lessons

It’s been almost a month since we began to let go.  What have I achieved?  What have I learned?

We have given away or sold more stuff than I even knew we owned.  Cupboards have been emptied, drawers dynamited and corners swept.  But it doesn’t feel enough.  There is so much more I want to go.

When you start to take out that which you don’t need or want you can see more clearly how much was there in the first place.

I have been doing Project333 for almost a fortnight and apart from a few tweaks I haven’t found it hard at all.

I have far too much in my wardrobe.  It is liberating to only have a handful of clothes.

I thought I would struggle to let go of things I had been keeping for sentimental reasons.  Books were a big issue.  But when I realised I was hording things that I would never use again but still had so much life in them and could be used and enjoyed by other people it was easy.

I had let my emotions create a massive millstone which I moved from house to house but never used.  It took up space and fed my feelings of guilt.

Decluttering doesn’t just affect your living space it changes you.  I am unfit, I need to lose weight and I ought to drink less wine.  I have known that for years.  Now I want to declutter me as well as where I live.

I only have one life I don’t want to fill it or me with rubbish.

23 thoughts on “lessons

  1. I love what you’re doing. I love decluttering it feels so good. Yet I too still have WAY too much stuff!!!! Time for more decluttering I think! Mx

  2. It does feel amazing after you’ve had a wardrobe clear out. I had one a few days ago, it looks so tidy now. I swear that I didn’t wear half of the clothes in there!

    • Books were hard for me. Don’t get me wrong I still have hundreds. But there were some I knew I would never read again. It seemed wrong to deprive somebody else of the chance to enjoy them.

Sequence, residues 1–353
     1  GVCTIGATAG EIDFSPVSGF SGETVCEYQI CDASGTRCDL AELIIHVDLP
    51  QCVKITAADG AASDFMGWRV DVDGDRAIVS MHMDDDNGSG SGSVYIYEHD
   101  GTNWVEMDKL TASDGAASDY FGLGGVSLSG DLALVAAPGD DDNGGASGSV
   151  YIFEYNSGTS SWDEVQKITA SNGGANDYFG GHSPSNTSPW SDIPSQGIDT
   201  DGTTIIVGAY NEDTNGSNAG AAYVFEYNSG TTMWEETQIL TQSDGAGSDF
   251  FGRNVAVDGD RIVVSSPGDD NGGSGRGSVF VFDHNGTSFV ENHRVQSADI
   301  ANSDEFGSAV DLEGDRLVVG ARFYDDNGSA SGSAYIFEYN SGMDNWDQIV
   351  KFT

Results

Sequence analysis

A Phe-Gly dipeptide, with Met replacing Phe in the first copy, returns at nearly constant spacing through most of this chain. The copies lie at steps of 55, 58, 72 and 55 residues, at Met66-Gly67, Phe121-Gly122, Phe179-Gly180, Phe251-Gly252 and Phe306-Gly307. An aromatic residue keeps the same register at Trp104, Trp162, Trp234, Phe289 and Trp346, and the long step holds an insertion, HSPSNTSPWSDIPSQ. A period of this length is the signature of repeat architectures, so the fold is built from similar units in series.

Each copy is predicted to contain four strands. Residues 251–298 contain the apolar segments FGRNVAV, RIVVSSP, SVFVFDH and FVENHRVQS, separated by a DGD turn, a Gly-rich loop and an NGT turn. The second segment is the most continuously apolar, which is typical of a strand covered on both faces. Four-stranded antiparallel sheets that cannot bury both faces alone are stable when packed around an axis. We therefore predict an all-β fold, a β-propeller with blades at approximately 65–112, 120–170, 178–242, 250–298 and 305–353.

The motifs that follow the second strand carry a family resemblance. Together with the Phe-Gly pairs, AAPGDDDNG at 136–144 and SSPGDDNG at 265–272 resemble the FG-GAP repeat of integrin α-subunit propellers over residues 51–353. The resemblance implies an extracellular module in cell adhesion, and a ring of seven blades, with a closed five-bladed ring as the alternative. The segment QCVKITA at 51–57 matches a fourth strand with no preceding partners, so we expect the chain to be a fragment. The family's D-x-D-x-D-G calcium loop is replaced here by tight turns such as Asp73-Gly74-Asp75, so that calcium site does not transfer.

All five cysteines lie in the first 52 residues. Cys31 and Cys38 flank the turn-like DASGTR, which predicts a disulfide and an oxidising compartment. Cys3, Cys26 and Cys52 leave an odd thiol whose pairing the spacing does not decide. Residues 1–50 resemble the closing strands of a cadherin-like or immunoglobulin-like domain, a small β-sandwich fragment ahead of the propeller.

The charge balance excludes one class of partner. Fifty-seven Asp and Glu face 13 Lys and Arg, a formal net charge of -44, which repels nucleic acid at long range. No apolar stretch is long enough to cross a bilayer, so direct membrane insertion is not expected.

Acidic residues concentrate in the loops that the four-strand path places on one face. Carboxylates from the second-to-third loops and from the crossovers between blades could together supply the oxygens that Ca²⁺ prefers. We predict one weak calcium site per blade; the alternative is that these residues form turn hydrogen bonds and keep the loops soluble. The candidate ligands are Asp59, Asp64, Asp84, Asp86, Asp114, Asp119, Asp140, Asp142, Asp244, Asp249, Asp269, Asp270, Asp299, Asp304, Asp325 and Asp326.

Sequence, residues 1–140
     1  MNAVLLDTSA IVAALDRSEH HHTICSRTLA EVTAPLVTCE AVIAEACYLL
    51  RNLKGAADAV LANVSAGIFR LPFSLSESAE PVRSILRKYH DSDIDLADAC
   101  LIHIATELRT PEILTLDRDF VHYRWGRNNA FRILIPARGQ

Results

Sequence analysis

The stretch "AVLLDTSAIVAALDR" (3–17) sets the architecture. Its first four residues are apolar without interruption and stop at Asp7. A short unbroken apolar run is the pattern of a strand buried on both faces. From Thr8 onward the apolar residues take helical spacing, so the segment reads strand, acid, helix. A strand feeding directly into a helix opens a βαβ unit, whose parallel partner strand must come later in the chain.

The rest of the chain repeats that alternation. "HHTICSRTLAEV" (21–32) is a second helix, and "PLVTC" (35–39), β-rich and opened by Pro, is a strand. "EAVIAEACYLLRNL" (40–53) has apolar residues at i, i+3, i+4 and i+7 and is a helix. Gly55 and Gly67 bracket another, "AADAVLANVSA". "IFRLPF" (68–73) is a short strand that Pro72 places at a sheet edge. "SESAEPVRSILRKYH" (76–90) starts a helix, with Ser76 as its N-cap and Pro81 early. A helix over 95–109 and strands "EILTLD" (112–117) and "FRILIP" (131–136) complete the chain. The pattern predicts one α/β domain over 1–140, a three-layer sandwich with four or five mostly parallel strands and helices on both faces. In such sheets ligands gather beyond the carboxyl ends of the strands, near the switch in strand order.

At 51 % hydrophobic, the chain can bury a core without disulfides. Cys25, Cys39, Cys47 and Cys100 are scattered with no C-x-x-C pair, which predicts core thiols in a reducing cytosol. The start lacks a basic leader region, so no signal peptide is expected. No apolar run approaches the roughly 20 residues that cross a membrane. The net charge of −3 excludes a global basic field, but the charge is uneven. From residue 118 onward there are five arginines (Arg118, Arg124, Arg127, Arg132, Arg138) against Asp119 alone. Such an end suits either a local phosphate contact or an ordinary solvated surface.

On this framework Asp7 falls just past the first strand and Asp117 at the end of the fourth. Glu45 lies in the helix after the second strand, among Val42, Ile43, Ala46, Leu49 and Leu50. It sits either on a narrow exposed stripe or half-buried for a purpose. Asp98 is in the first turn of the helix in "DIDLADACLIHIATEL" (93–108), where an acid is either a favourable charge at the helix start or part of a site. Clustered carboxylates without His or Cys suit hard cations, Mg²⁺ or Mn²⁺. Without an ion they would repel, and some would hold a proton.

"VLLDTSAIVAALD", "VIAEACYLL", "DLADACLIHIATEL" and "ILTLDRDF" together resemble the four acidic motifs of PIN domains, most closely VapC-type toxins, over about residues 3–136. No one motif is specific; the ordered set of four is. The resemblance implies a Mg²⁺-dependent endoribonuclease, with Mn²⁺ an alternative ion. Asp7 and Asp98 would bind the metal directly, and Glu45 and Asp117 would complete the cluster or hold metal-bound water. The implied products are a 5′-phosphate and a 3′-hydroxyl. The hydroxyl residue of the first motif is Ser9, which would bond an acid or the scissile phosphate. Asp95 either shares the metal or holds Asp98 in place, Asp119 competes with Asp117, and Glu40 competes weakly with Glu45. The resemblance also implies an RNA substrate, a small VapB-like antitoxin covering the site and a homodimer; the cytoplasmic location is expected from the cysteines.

3. This is a marvelous idea. I know I should, but I don’t think I could. Well maybe a little… although I must admit I felt an actual twinge of pain when you talked about books. Although I did all that when I got divorced and have never felt lighter or happier about my lack of possessions.

    • It’s the fine distinction between clutter and essential that is so blurred. Most often we do the blurring in order to avoid a difficult decision.

  4. I love how decluttering is not just about the ‘stuff’ but about what we learn and how it changes us. Great work and keep it up.

  5. I have noticed that decluttering me has been a great side-effect of decluttering all of the stuff around me. I ‘accidentally’ lost 20kgs and am feeling great. I also feel I have found a fabulous new direction in life, which would not have been possible with my previous life.

    i can’t believe you have been only going for such a short time. But then again, I do remember our initial blitzes, so i guess it is not so unreasonable.

    Keep up the awesome work. I am enjoying reading about your journey.

      • Accidentally because I wasn’t focussing on my weight. I was focussed on enjoying good healthy meals, and enjoying life, which included lovely walks holding my fiancés hand. I think we can become too obsessive about the weight and regimes of exercise and diet.

  6. De-cluttering is an odd thing to me. On one hand it is liberating. On the other it saddens me. However after 17 years in one house and preparing to downsize it is a necessity either way….

    • Amongst other things I didn’t want to burden my children with the terrible task we will have when my parents finally leave the house they are in. To describe it as full of stuff is akin to describing Death Valley as a tad warm.

  7. “I only have one life I don’t want to fill it or me with rubbish.” – Thanks for that. It rings true in my heart and I needed it today.